Lunch with Richo and the Faceless Man: launching Labor's progressive manifesto
Is there any finer way of spending an afternoon than sucking on a lobster leg, gargling chardonnay and listening to top-quality political gossip? Margot Saville went to lunch with Richo and the Faceless Man to get the Labor Party gossip.
Is there any finer way of spending an afternoon than sucking on a lobster leg, gargling chardonnay and listening to top-quality political gossip?
Following yesterday’s lunch at the Golden Century restaurant in Sussex Street, held after Paul Howes’ book launch, I resolved to eat Chinese food only in the company of the NSW Right. After Richo tucked his linen napkin into his shirtfront, muttering “just bring the usual”, a mountain of crustaceans and barramundi appeared, accompanied by gallons of the white infuriator. This may explain why Sam Dastyari is the only lean and hungry member of this faction, I thought idly, popping another spring roll into my mouth.
The book, called Confessions of a Faceless Man, Inside Campaign 2010, came about when Melbourne University Press publisher Louise Adler was watching Lateline on the ‘Night of the Long Knives’ against Kevin Rudd. On the program, Howes, the national secretary of the Australian Workers Union, was declaring his support for Gillard. The next day Adler contacted him, asking him to keep a detailed diary which could be published straight after the election.
For us politicial tragics, this is a great book. Like all melodramas, it has its villains (Rudd and Mark Latham) a hero (our author) and a rolling cast of pygmies and capering dwarves (politicians). In this era of sanitised pollyspeak, it’s wonderful to read true class hatred on the page, punctuated by the odd bout of head-kicking. The entry for day one of the campaign ends with Howes saying: “When we win, I say Rudd should be the first against the wall.” Followed by a heartfelt prayer: “Tony Abbott. Please God, don’t let us f-ck this one up.”
I particularly liked the domestic touches — Howes has three small children, one of whom is a newborn baby — including the story of him spending a whole morning trying to put a Lego plane together, saying it would have been easier to have rung one of the AWU members at Boeing.
That the book is well-written is extraordinary considering Howes, still only 29, left home and school at 14 after being bullied by his stepfather. He ends up in the bosom of the Trotskyites and travels to Cuba before joining the AWU when he was 17, succeeding Bill Shorten as national secretary in 2007.
Howes is at his best arguing that Labor has lost its way and needs to formulate and effectively communicate firm policies on progressive issues like refugees and climate change. Talking up these issues in the first two years of the government, and then summarily dumping them, was Rudd’s downfall, he says, leading the public to doubt what he stood for.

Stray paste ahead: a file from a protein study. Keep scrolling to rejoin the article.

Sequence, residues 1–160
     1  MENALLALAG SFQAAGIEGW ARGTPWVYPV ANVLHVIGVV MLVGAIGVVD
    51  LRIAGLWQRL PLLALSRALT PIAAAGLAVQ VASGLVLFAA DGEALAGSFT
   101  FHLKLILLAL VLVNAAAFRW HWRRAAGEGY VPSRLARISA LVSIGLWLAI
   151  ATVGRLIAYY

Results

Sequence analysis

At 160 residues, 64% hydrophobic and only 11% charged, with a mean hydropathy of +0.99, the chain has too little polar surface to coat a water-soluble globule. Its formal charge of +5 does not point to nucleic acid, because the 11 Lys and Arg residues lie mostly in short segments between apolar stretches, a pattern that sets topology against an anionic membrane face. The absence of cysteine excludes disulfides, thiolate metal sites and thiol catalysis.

The union boss says he is heavily invested in the climate change debate because “over 80% of AWU members work in emissions-intensive, trade-exposed industries, on which an emissions trading scheme or carbon tax would have a significant impact”. Ultimately the AWU supported the Carbon Pollution Reduction Scheme, the dropping of which was “concrete proof of what Abbott had been saying about Rudd, that he was all spin and no substance. Prior to the CPRS decision, that line of attack got very little support from the wider public, but now it was almost a gospel truth.”
He has some very progressive views on population, saying that discouraging immigration and relying on a falling birth rate will lead to crippling labor shortages and a massive burden on future generations. Labor’s failure to have a real debate on this issue is “shameful”.
Howes also weighs into the gay marriage issue, saying he hopes the PM will allow a conscience vote because he thinks most of caucus would support gay marriage, as would the majority of the population. “Besides,” he writes, “it’s the role of politicians to lead, not just follow opinion polls.”
On Lateline last night, the union leader was repeating his statements in the book that Labor needs to start creating substantial policy:
“I think that the reality is that Labor has gone through a period since 2007 where it’s hard to know what we stand for. It’s hard to know what we’re trying to achieve. What is the great, next, big step for a social democratic progressive party in this country?”
Richo, in his introduction at the launch, was more succinct.
“Labor ran the worst campaign in history. No doubt about that. You didn’t read that [in the book]. It is nonetheless a fact. When Julia Gillard said this was the real Julia, no, this wasn’t a slip of the tongue. It was planned; it was thought to be clever. It wasn’t. It was just plain dumb.”
We got plenty more of that topic over lunch, along with the chardonnay vat, so of course I can’t remember anything. Maaate, it was fun.